Kentucky’s Year of Food: Jamming on Jam Cake


Savannah Osbourn
Published March 01, 2018

Eastern Kentucky’s Appalachian region features a wealth of history and cultural landmarks, from the infamous Hatfield and McCoy feud that took place on either side of the Tug Fork River to the music legends commemorated along the U.S. 23 Country Music Highway. Groups can explore this wooded and hilly landscape at popular retreats such as Cave Run Lake, Breaks Interstate Park and Jenny Wiley State Resort Park. There are also many charming downtown areas to visit in communities such as Morehead, Pikeville and Mount Sterling.

Signature Flavors: Salmon croquettes provide a quick and tasty Southern entree, made by molding canned salmon into patties, dipping them in an egg wash with crushed saltine crackers or bread crumbs, and then frying them on the stove. Another traditional Southern delicacy from this region is blackberry jam cake with caramel icing, a great fall or winter treat made with seedless blackberry jam, pecans, cinnamon, nutmeg and whiskey-soaked raisins.

Great Group Restaurants: Based in downtown Pikeville, the Blue Raven specializes in traditional Appalachian meat dishes such as chili-rubbed pork, beef brisket and lamb chops. Pig in a Poke is a popular family-owned barbecue restaurant with a spacious patio that overlooks the river.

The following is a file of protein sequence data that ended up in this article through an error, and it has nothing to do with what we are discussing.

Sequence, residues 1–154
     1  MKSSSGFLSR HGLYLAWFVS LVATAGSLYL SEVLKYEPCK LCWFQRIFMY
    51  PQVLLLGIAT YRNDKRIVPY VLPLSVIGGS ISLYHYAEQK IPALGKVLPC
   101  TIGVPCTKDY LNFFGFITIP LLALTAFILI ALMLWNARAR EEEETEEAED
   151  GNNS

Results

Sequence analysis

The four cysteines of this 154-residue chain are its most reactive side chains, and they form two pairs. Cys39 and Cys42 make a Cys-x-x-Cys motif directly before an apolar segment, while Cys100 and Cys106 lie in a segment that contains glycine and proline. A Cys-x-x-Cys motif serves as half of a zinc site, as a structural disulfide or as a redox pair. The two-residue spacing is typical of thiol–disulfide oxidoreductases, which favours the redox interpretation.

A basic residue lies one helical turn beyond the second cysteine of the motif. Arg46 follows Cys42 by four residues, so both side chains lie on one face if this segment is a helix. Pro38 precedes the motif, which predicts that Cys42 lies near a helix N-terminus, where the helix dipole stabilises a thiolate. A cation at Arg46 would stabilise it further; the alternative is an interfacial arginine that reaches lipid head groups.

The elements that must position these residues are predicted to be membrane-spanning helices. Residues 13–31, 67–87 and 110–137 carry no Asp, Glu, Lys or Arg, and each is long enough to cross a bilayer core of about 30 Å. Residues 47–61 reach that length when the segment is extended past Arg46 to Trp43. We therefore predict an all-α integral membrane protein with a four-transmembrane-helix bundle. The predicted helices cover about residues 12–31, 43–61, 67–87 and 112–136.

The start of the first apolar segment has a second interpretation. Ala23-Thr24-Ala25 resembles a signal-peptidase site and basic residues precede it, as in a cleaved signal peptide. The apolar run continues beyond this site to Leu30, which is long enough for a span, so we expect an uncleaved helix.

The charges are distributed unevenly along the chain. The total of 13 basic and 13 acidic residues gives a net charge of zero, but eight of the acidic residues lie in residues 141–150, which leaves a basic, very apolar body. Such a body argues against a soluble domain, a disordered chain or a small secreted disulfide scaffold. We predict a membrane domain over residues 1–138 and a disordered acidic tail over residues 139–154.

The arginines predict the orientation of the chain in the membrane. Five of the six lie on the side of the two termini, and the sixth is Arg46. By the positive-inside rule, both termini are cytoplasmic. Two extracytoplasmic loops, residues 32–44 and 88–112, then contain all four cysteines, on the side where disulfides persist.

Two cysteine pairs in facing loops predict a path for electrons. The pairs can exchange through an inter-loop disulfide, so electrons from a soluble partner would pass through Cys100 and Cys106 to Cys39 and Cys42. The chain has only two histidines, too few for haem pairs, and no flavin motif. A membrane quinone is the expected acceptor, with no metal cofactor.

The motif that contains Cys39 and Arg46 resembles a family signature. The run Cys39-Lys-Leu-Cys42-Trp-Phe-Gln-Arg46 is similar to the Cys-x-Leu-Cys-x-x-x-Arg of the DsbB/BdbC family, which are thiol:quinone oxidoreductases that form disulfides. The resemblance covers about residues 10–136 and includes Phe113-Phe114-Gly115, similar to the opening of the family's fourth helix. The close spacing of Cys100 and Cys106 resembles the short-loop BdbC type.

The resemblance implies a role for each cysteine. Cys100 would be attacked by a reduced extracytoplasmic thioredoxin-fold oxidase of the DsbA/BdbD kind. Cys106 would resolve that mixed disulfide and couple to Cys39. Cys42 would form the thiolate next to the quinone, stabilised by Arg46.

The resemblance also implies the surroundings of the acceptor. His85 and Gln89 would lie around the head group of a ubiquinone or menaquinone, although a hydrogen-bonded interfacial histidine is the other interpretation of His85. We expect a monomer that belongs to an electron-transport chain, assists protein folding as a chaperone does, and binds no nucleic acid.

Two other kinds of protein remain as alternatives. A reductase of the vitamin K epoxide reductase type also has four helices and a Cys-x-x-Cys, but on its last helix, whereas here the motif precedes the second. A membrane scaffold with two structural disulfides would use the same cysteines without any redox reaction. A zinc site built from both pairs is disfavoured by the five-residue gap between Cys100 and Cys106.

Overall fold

Must-See Attractions: Designated a National Scenic Byway, the U.S. 23 Country Music Highway takes groups through the hometowns of some of Kentucky’s greatest country-music legends, such as Loretta Lynn, Wynonna and Naomi Judd, Billy Ray Cyrus and Patty Loveless. Fans can also stop by the U.S. 23 Country Music Highway Museum in Paintsville to browse special exhibits and memorabilia. Travelers might also enjoy a visit to the Highlands Museum and Discovery Center in Ashland, which features interactive exhibits that highlight regional history and culture.